Asking for help is often the one simple act standing between us and success.
That’s a quote from Dr. Wayne Baker in his new book, All You Have to Do is Ask: How to Master the Most Important Skill for Success.
Wayne is a professor at the University of Michigan’s Ross School of Business and an expert on building and strengthening connections. When I read his book, I found myself nodding my head a lot because his research and experience support the basic ideas I teach about effective networking. Wayne goes way, way deeper on them.
I was fortunate to recently have a conversation with Dr. Baker and am excited to share it with you. Listen along as Wayne shares fascinating research on how to ask for help and simple, powerful and proven ways to make the ask. Among other topics in the conversation, we talk about:
- What keeps people from asking for help?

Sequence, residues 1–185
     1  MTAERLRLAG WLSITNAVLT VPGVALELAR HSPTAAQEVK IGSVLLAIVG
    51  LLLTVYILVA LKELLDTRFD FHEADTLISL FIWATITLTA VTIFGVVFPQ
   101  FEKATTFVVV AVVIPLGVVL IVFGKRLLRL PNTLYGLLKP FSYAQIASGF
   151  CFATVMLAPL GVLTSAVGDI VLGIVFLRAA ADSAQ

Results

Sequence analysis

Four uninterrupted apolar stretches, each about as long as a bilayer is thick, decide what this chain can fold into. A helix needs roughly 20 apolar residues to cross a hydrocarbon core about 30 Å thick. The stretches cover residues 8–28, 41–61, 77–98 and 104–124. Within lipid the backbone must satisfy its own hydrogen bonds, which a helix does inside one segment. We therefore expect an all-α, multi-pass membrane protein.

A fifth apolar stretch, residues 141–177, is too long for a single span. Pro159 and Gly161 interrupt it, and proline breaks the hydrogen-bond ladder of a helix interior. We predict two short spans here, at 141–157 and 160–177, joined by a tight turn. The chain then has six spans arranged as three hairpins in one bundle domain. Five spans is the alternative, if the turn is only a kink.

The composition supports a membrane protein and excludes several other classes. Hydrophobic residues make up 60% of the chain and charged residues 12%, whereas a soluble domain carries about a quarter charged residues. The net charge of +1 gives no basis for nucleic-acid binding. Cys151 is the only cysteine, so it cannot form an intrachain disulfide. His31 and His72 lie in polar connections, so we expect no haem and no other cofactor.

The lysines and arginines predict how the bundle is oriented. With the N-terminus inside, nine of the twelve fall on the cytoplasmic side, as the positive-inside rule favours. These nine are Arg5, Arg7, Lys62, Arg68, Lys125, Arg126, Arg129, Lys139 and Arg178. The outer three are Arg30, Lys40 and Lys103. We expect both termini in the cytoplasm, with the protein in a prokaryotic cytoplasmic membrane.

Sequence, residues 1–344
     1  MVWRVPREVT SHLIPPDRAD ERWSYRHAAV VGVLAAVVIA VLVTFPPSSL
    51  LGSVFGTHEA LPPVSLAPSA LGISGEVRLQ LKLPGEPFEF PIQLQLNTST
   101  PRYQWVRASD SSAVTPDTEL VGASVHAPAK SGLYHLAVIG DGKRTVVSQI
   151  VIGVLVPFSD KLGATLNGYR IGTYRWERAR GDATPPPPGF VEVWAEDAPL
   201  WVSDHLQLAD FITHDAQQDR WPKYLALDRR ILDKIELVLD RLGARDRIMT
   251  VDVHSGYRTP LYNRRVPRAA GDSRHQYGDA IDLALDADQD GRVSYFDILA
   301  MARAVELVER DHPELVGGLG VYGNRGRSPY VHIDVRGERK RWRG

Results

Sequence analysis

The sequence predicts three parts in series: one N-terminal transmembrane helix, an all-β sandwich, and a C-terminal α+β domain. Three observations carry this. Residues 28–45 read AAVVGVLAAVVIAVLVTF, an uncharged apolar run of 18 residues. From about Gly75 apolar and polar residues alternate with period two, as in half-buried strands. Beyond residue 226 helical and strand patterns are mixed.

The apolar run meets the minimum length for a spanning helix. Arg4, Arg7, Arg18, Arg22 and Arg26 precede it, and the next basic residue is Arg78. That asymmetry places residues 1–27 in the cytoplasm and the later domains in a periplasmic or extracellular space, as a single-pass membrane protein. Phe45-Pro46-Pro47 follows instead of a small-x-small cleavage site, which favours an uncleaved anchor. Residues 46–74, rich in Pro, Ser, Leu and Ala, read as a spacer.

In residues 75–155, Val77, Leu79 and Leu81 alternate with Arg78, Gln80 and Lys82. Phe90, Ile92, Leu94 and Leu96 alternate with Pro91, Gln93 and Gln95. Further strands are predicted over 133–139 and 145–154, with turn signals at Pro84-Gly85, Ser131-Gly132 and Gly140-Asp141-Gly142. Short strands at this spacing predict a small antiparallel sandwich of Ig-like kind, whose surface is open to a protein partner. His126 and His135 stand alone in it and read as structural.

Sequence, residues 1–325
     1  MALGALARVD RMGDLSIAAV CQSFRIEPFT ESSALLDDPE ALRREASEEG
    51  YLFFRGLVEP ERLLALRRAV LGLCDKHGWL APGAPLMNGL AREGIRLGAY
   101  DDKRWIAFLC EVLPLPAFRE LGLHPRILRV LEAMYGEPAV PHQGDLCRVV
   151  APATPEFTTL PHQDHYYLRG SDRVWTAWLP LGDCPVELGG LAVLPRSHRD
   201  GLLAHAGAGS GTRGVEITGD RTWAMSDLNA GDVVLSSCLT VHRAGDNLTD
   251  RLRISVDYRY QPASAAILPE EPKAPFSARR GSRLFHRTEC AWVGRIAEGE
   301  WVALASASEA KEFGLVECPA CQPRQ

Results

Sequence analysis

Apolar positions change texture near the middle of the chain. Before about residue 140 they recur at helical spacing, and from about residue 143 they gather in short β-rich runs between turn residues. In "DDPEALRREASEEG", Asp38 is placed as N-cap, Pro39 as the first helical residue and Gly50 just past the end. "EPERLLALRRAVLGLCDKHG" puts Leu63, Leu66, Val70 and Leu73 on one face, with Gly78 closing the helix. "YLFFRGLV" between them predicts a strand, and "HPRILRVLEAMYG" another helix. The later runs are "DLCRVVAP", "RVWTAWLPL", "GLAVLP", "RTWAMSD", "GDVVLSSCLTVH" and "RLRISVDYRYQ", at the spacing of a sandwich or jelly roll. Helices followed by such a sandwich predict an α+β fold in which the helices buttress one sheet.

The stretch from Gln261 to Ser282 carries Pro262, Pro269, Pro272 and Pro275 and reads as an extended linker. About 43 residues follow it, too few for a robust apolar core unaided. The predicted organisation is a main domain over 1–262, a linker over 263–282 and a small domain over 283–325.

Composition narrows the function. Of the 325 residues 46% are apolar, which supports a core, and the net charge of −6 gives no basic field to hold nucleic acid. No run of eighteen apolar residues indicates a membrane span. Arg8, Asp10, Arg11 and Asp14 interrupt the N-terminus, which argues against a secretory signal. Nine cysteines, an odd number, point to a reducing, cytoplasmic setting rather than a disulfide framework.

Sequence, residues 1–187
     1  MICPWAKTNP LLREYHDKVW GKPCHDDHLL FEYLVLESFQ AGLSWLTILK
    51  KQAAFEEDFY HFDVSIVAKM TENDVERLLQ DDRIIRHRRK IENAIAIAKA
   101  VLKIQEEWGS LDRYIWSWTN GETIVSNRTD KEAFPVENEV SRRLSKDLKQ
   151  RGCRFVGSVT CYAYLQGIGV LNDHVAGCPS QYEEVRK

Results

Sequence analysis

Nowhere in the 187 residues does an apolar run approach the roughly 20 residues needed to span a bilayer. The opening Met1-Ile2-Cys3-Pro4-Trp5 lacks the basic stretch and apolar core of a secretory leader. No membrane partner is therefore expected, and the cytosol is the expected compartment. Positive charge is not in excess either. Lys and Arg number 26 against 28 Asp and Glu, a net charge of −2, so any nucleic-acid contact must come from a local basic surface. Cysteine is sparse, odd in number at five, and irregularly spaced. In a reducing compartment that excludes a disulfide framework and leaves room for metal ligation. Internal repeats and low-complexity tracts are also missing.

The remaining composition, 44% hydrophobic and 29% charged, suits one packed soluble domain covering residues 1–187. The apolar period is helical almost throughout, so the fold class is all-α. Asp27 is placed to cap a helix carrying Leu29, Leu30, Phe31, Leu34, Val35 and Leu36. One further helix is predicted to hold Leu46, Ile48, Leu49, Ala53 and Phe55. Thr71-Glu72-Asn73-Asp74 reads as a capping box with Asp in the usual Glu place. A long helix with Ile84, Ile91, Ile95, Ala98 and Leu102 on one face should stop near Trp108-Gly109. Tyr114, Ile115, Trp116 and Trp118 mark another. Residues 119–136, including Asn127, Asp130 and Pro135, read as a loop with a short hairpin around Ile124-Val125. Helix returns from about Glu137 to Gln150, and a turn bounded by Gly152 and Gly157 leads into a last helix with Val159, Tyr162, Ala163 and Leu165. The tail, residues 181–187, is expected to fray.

- The best way to ask a stranger in New York City how to borrow their phone. (An important life skill that you never know when you’re going to need!)
- What’s the best way to ask busy people for help? There’s a five-step formula that raises your chances of getting help.
- Why your network of people who can help you is stronger than you think. The key is to make the ask. Wayne shares some amazing stories that illustrate that point.
- Why dormant ties and connections – the people you knew in a former life – are often the best people to ask for help.
- What makes my wife, Diane, a better than average asker. The research shows that most people, including me, are not very good at asking for help. If you want to get some insight into your giving and asking preferences and find out how you compare to the norm, take three minutes to complete this self-assessment that Wayne and his colleagues developed.
And now, without further ado, here’s Dr. Wayne Baker.
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